Monday, August 4, 2008

Got Porn?

Just before I got married a decade ago, my two adoptive sisters took me to a local porn superstore here in Las Vegas (the exact one pictured above - a virtual supermarket of porn and sex toys). It was our tongue-and-cheek version of a stag party. This was only about the second or third time any of us had been in a porn shop, and we were all profoundly unimpressed. Virtually all of the videos in the place concerned the introduction of objects into orifices. There was nothing remotely "sexy" in the whole store and hardly a hint of foreplay anywhere. There was a gay section but it wasn't much different--objects in orifices--and the only thing like a lesbian section was women inserting things into each other's crotches for the benefit of male viewers.

We asked the nice clerk if they had anything remotely "soft-core", and he replied politely, "Everything here is pretty hard-core."

So if this is a "superstore" presumably offering what the customers want, what does this say about the overwhelmingly male clientel? They are pretty, um, hardware oriented, wanting to see pure genital interaction with virtually no emotional engagement.

Men can be so mechanical! For a certain kind of autistic male (which could be 50% of the male population), even real romantic relationships boil down to hardware: what kind of body she has and how it can be consumed. Consumption of the body involves having sex with it. You keep track of the bodies you have sex with, sort of like plane spotters keeping track of the tail numbers of planes, and that becomes your life's work. Of course, these men have no idea what to do with the body after sex. That's not something they've thought through. They're a lot like dogs chasing cars: They're just following their instincts and don't know what they would do with the car if they ever caught it.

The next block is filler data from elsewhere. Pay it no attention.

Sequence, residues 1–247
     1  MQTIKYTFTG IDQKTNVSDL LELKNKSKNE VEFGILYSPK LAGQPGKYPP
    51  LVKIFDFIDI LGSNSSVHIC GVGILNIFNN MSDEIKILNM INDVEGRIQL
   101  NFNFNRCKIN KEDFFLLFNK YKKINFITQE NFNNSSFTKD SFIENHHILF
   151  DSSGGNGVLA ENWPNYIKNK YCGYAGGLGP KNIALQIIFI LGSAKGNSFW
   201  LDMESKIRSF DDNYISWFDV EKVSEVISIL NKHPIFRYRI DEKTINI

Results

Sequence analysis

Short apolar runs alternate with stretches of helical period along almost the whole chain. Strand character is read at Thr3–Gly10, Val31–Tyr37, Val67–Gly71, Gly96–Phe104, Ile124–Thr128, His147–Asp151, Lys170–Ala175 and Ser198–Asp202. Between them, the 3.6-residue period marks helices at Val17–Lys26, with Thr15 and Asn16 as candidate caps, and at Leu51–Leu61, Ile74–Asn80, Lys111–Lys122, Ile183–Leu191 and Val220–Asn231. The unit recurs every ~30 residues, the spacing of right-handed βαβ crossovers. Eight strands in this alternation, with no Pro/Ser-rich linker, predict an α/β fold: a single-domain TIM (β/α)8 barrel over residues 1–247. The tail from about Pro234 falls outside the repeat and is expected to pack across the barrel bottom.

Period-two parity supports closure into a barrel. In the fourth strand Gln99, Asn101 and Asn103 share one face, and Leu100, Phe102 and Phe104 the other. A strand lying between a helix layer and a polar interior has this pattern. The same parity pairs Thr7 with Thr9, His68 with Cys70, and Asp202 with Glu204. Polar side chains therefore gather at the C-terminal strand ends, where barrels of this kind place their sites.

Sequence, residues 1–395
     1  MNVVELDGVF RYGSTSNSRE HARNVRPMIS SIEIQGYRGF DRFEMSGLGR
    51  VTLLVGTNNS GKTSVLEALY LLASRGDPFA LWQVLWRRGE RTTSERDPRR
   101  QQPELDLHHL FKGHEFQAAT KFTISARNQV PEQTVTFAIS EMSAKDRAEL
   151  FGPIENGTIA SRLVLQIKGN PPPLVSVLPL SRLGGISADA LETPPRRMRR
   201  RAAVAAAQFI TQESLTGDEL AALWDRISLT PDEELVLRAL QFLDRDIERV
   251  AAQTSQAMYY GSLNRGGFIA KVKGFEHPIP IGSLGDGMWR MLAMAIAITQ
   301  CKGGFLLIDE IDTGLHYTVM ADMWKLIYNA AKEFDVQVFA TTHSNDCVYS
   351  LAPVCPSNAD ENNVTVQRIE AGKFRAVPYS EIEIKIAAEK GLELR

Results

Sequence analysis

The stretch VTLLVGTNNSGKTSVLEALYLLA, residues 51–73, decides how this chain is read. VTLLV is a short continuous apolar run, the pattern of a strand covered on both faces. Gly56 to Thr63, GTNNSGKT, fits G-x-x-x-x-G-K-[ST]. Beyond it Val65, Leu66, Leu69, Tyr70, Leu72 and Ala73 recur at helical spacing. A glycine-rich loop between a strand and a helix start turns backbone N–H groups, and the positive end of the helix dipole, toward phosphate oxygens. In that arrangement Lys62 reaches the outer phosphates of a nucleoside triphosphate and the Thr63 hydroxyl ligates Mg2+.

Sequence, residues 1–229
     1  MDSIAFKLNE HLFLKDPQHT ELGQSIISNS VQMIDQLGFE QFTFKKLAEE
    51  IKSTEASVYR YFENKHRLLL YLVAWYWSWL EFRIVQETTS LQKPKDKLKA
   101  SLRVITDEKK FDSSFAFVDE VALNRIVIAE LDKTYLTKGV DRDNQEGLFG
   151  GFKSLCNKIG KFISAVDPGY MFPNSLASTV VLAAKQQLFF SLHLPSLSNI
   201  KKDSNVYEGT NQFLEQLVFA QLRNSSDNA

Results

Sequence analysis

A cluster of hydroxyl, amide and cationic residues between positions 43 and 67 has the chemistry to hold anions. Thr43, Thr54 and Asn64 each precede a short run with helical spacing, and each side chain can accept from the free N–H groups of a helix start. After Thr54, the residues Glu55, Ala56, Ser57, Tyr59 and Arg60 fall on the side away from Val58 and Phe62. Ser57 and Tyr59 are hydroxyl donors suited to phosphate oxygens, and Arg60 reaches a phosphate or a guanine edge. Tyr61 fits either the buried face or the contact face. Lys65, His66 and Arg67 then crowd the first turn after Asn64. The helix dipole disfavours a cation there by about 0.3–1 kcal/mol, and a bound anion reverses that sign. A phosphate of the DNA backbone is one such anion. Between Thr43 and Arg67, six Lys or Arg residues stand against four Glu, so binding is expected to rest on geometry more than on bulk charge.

Female pornography is different. It is best represented by romance novels, which are almost all emotional engagement, which leads to genital interaction only in a long roundabout way. There are trials to go through first! As a bookseller, I've sold these novels, and some of them (like the Harlequin Blaze series) can get pretty steamy. Being a male, whenever I pick up one of these novels, I cut directly to the naughty bits. Evidently, women also enjoy the naughty bits, or they wouldn't be there, but they feel compelled to read the whole novel before getting to them. I think that's telling.

I don't mean to say that women are necessarily any deeper than men. Eavesdropping on single women talking about single men on internet forums, it seems to me that they can miss the boat just as easily as men can. "The Abductee" was meant to illustrate some of this – how clueless and gullible women can be about men, even in the face of obvious evidence right in front of them.

Both men and women tend to hopelessly idealize the other party and expect them to serve their own narcissistic needs. This leads to countless comedies/tragedies that arise not so much from the other party's treacheries but from the subject's own self-serving delusions that give the treacheries fertile ground to grow in.

1 comment:

  1. Hi Glenn, Danny here again.

    If you don't mind, I'd also like to link to this post from my own blog - I've put up a few posts about porn, some reposted from sites like Adbusters, some my own observations - it's a subject I think people need to be discussing frankly, because there's a lot of power at play (industry vs consumer, men vs women etc) and a lot of messages in the medium that go unnoticed by the consumers. My little clutch of readers seem a bit shy of the topic though, and it's something I really want to getr some discourse happening around.

    Cheers,

    Danny

    (Also, it amazes me that you went into the store with your family members, I think I would have died of embarrassment!)

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